What is the human condition, if not fear of the interloper? All of our worst prejudices can be boiled down to being afraid of those that are not like us.
Such paranoia explains so much behaviour, and throw into the mix the almost certain knowledge that someone in your group is chewing the bones of your neighbours then, well, you have the recipe for some broiling nastiness.
Werewolves Within is a movie based on a PlayStation Virtual Reality video game, wherein one of your local townsfolk are a werewolf and it is up to you to hunt them out.
So it is in the small town of Beaverfield, where the discovery of a gnawed on corpse by freshly transferred Forest Ranger Finn Wheeler sends the locals into a frenzy of furious finger-pointing.
The subsequent lupine whodunnit is an intriguing comedy-horror blend that populates its world with a gaggle of small towners and their problems.
Chief among these is the proposed nature-damaging but money-generating gas pipeline that already has people at each other’s throats, even before any lycanthropic dangers emerge. Werewolves Within uses snappy editing and well-crafted pace to ensure that regardless of where you are in the movie, you will likely be having a good time.
The cast has enough oomph to be funny, if not particularly memorable once they start getting picked off one by one. Stereotypes abound, with trailer trash screeching on one side, expressively gay characters on the other (a welcome appearance from Harvey Guillén, best known as Guillermo from What We Do In The Shadows), and workhorse mail delivery workers in the middle.
So as town expert Cecily (Milana Vayntrub) shows the new Ranger, Finn (Sam Richardson, The Afterparty) around, both he and we get the lie of the land and its comical inhabitants.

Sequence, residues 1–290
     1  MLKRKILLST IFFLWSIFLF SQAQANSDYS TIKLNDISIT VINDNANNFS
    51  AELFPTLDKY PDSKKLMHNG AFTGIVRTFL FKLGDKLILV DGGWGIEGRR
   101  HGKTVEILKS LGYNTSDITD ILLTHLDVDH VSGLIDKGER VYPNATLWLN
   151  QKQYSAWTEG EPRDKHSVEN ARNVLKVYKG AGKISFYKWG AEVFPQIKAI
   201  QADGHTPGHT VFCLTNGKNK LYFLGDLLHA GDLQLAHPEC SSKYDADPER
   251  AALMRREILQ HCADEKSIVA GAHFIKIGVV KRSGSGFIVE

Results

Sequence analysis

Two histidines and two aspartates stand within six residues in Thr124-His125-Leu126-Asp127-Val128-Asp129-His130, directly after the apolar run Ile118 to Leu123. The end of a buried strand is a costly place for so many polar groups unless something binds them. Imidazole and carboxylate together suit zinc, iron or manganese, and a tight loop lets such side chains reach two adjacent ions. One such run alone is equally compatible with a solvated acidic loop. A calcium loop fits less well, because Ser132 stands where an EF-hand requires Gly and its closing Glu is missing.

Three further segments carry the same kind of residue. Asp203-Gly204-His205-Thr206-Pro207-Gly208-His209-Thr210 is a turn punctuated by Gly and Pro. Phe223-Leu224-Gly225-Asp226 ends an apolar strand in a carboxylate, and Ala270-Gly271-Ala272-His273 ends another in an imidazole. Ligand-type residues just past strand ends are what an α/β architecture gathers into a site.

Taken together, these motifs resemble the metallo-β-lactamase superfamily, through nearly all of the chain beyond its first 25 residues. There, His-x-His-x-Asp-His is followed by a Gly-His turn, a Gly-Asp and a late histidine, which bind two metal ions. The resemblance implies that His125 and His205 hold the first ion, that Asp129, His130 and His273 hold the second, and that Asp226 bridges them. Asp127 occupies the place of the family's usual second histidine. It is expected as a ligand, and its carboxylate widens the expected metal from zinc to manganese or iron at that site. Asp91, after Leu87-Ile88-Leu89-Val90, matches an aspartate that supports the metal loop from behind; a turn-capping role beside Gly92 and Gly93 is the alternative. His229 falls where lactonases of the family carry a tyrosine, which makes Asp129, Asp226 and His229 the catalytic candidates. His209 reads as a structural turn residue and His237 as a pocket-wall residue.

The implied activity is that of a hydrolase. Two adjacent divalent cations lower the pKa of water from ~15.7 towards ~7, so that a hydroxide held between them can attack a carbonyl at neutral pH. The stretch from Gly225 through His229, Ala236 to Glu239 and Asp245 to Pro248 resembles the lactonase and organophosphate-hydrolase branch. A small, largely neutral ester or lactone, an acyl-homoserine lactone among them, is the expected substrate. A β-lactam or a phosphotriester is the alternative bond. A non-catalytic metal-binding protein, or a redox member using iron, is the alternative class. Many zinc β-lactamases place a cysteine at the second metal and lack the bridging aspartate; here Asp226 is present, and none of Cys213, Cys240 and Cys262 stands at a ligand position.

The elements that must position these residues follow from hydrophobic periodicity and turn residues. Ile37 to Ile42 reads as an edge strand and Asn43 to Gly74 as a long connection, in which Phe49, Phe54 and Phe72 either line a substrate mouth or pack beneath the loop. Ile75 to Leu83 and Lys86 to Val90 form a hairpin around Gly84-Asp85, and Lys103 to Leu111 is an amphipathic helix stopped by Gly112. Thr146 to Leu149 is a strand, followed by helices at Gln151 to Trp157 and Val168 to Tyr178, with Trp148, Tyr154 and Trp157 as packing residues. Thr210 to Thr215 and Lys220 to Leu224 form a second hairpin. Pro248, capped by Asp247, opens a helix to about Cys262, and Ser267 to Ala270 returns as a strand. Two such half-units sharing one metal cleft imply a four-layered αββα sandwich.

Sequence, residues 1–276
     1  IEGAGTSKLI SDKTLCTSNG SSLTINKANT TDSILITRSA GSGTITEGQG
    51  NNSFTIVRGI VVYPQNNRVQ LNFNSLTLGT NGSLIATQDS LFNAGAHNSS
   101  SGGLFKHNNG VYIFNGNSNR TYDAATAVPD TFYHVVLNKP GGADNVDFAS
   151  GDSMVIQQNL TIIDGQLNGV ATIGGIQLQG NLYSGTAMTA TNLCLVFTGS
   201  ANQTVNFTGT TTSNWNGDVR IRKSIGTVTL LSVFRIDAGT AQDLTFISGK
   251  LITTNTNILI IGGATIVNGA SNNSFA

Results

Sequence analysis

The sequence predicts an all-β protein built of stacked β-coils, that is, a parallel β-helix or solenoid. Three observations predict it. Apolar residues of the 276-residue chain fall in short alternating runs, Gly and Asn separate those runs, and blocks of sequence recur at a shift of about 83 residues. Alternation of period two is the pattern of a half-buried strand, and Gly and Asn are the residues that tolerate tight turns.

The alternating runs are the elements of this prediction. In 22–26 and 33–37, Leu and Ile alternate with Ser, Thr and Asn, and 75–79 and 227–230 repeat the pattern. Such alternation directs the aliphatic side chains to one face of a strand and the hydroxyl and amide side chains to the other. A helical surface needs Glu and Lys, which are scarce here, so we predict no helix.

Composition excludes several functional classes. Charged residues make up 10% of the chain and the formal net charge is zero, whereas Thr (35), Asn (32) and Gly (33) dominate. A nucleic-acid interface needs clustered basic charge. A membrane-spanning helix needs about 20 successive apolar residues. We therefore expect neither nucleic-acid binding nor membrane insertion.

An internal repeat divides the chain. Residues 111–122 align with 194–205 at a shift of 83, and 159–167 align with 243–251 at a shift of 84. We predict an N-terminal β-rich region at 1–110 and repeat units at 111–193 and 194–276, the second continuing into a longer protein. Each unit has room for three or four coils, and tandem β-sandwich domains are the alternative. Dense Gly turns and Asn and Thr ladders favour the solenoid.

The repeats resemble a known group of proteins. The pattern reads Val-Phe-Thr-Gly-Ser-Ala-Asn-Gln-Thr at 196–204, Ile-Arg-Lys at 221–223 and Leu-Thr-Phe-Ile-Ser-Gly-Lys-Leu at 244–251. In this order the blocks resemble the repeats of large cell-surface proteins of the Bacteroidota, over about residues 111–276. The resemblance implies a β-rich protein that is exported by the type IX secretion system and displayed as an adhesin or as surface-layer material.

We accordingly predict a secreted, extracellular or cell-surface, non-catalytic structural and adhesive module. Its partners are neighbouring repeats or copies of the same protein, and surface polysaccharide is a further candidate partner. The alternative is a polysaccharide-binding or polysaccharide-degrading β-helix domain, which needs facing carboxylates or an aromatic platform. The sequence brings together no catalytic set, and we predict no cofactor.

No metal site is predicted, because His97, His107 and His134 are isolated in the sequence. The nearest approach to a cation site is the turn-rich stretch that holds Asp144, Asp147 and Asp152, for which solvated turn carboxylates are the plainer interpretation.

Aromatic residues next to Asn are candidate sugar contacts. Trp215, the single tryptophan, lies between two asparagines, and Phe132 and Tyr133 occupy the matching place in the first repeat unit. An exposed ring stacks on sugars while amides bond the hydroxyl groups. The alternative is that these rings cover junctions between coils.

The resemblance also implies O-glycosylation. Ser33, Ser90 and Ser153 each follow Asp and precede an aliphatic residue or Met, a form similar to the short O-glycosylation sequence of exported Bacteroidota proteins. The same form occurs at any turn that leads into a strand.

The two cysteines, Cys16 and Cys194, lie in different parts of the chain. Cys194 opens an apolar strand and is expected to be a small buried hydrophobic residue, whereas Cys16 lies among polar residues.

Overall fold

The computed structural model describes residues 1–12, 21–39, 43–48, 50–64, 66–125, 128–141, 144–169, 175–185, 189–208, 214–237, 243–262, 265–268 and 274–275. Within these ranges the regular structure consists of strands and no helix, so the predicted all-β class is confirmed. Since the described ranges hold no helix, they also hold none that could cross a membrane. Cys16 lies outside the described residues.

Such potential werewolf threat is exacerbated by a slash induced power cut that drowns the secluded snowy town into darkness. The actual threat is held back and used almost too sparingly.
Is Werewolf Within Any Good?
Horror comedy works best when both are given full dues, and Werewolves Within leans a little too hard on the comedy side.
Characters mumble through funny but easily missed dialogue, and as the list of suspects gets hacked down in decreasing numbers there is a lack of ever-present threat. This is less The Thing in the woods, more Knives Out with broader strokes.
Werewolves Within has charm aplenty, thanks to the anchoring performances of Richardson and Vayntrub. Their flirtatious back and forth (poor Finn has a long-distance love that is more distance than love) makes for sharp sniggers throughout, be they slinging axes at targets or shrinking from scary woodsmen harbouring suspicious blood-soaked items.
The best feature of the movie is the genuine sense that any of our cast could be the werewolf in hiding. It is a delight to yell at the screen such confident statements as, “It’s them! It has to be them!” only to be infuriated as the subject of your accusations gets splattered up the walls.
That said, the nature of ‘one werewolf in hiding’ means that it rarely feels like anyone is in immediate danger. The Thing had a potential lethal alien behind every face and, little known but excellent web series, Red Scare has every one of its nuclear bunker inhabitants be a possible vampire.
Werewolves Within cuts up its cast with almost perfunctory efficiency in comparison.
Whilst never really hitting the ‘scary’ part of horror-comedy, Werewolves Within still delivers intrigue and chuckles aplenty to cast a full moon over your evening, and it deserves a large audience to throw back their heads and howl in appreciation at its lunar glow.
Words by Mike Record